Mr. McCracken of the National Small Business Association testified that the guidance is complicated, confusing and not articulated in a way that business owners can understand, let alone comply with. He pointed out that a small business owner may be forced to comply with a state screening mandate, yet, not be immune to an EEOC challenge for complying with that state law.
Ms. Ifill’s testimony supported the EEOC’s efforts and she believes that the guidance helps employers to identify the proper use of criminal information in the hiring process. She did, however, point out that re-entry systems for ex-offenders is in need of reform.
Lucia Bone testified that the focus on the rights of ex-offenders is misplaced when it takes precedence over those of the public from a safety perspective. She also noted that there are many reasons for the recidivism rate including drug and alcohol addiction and lack of family structure and vocational training. She urged that the guidance be suspended until all sides can be fairly represented in the testimony that previously excluded the voice of victims which ultimately lead to an unbalanced guidance.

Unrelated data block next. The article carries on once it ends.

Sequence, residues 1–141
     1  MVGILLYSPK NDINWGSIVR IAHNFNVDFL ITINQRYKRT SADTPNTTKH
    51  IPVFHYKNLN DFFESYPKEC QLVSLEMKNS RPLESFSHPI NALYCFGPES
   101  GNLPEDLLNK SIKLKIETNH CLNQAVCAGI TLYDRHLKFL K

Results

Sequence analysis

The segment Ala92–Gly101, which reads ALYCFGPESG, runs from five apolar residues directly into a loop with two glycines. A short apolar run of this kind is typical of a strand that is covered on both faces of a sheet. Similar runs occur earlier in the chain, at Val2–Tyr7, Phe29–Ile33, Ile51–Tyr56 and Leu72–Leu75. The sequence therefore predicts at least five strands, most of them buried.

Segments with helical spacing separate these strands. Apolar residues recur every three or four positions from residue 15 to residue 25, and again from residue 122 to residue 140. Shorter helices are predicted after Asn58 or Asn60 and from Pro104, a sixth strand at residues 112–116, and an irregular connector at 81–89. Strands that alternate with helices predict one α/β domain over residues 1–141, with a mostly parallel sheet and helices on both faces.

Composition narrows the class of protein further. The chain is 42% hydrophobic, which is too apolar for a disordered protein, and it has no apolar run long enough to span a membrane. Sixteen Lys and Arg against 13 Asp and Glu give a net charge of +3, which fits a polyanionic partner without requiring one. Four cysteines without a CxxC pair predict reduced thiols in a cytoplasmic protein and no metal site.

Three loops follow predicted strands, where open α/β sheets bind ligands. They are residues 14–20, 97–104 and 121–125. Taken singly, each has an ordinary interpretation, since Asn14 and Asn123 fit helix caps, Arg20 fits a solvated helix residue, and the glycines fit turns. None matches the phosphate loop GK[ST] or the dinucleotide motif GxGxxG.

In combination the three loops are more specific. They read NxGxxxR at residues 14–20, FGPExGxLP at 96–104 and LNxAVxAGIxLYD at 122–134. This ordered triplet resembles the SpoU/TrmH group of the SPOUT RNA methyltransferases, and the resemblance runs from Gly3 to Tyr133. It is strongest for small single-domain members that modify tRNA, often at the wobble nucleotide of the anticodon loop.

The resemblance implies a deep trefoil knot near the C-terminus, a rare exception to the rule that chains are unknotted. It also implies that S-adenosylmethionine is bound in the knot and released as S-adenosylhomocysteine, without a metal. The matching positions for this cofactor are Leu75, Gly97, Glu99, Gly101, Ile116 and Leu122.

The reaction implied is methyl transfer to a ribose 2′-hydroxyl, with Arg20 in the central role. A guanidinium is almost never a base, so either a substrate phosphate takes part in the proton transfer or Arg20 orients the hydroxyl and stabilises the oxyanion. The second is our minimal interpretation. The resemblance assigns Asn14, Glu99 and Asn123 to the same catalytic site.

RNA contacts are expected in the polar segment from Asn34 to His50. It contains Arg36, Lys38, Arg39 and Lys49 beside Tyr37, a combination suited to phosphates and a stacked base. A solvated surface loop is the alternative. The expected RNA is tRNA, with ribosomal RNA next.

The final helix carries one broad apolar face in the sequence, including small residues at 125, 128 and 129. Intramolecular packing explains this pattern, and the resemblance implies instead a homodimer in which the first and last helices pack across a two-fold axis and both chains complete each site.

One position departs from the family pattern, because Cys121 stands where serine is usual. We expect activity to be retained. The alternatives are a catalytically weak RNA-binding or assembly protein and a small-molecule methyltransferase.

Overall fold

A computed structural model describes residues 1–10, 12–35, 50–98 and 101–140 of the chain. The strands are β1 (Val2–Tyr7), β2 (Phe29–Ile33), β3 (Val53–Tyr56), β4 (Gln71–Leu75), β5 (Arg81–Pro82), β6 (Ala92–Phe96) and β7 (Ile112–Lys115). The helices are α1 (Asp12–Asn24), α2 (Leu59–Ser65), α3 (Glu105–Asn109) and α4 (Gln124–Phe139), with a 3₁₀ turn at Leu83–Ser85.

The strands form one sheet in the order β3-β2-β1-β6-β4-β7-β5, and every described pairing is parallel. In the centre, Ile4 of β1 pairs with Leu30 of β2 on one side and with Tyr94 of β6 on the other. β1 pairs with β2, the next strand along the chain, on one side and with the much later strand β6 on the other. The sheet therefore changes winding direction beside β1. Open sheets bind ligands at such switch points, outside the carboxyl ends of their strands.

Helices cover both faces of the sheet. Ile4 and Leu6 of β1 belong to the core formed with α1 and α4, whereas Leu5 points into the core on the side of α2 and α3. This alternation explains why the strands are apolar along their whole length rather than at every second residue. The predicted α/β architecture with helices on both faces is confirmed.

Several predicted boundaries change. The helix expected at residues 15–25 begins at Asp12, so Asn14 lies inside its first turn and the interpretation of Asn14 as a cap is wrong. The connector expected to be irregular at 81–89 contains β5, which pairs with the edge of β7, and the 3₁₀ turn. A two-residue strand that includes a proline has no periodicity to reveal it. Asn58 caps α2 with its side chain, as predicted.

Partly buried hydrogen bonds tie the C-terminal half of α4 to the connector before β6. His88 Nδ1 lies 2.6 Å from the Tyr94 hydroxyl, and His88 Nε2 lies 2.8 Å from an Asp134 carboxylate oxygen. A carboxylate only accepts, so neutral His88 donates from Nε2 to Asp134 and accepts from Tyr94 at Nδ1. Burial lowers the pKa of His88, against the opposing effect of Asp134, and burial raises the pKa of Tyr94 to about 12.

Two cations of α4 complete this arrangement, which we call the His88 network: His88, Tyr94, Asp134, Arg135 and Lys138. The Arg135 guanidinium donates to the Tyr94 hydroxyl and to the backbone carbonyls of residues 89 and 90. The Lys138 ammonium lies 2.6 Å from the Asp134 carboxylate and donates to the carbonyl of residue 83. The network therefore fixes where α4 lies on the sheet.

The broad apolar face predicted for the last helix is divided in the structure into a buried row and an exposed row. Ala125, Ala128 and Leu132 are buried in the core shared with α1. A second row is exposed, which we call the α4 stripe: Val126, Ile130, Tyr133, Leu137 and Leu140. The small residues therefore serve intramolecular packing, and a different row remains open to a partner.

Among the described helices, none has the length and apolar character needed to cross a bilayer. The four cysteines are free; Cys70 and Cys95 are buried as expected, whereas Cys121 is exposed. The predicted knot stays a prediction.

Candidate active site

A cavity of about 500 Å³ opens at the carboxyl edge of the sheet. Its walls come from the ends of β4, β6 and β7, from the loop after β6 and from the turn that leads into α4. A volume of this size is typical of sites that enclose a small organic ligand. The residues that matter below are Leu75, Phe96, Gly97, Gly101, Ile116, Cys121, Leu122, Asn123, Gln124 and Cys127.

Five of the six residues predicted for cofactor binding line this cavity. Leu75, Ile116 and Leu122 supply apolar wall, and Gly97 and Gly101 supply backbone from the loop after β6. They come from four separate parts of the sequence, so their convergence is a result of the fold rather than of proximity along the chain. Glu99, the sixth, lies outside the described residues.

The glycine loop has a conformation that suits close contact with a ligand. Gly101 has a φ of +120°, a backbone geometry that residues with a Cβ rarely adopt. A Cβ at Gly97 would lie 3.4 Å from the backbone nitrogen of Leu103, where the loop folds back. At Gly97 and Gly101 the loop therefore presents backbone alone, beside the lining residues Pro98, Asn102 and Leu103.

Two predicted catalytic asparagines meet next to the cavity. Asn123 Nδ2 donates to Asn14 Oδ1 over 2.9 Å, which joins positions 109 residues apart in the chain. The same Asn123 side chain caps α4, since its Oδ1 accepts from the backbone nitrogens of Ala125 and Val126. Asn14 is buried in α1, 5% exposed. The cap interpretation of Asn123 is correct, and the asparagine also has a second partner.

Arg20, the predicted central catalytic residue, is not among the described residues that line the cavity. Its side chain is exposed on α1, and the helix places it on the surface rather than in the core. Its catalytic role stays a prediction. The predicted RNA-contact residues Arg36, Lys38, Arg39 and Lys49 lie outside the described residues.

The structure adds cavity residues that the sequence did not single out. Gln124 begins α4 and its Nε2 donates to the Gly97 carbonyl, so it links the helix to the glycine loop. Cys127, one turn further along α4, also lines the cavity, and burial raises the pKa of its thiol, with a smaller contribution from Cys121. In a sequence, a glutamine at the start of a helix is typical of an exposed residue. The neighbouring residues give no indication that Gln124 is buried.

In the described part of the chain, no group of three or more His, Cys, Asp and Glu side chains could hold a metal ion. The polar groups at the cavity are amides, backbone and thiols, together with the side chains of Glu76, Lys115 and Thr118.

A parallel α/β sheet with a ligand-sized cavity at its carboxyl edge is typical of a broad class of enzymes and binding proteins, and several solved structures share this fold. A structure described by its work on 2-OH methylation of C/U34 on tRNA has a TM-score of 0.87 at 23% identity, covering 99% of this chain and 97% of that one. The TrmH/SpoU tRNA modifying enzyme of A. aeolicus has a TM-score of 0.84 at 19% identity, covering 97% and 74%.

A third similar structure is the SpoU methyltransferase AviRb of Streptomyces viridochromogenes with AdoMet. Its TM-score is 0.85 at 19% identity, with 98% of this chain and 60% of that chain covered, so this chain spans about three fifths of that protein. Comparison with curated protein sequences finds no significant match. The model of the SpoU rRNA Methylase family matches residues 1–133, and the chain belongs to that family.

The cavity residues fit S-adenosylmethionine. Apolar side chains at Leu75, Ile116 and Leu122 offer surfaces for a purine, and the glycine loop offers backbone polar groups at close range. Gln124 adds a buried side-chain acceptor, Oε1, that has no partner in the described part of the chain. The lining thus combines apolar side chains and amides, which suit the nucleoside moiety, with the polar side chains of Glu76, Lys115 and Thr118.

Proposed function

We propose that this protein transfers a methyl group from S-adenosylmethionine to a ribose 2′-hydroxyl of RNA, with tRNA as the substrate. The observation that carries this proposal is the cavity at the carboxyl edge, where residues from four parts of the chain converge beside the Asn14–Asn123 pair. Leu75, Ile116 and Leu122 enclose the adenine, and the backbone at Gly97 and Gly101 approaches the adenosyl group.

It is also important to note that the EEOC is not a rule making body yet many contend that the guidance attempts to reach beyond the EEOC’s powers and endeavors to have force of law. The Chairman read comments that allege that the EEOC is “in search of theory with no facts to support it” and is on a “fishing” expedition.
We applaud this congressional committee’s efforts as well as those by several governmental offices, legislators and State Attorneys General to scrutinize the EEOC’s guidance and actively work to keep these concerns being heard. We hope the EEOC will respond in a meaningful way to the ongoing concerns expressed about their aggressive litigation activities against employers related to their revised guidance on the use of criminal records in hiring decisions. Clearly, given their repeated failures to successfully litigate against employers and the overwhelming degree of criticism over the revised guidance, it is a sure sign that they are running afoul of their mission.
For more information about this or other workforce screening topics, please contact our office at (888) 689.2000 or firstname.lastname@example.org.
As the population ages, in home care has become one of the fastest growing occupations in the U.S. Approximately 3.5 Million Americans received home health care through Medicare in 2012 and many more get similar services through Medicaid or pay home-care agencies directly.
A majority of states have rules that keep violent criminals from caring for the vulnerable in their homes, but in 10 states – Alabama, Connecticut, Georgia, Hawaii, Montana, New Jersey, North Dakota, South Dakota, West Virginia, and Wyoming do not require background checks, according to the memo published by the Office of Inspector General.
“There are also no federal laws or regulations that prohibit home health agencies from hiring individuals who have been convicted of crimes or who have had a finding concerning abuse, neglect, or mistreatment.”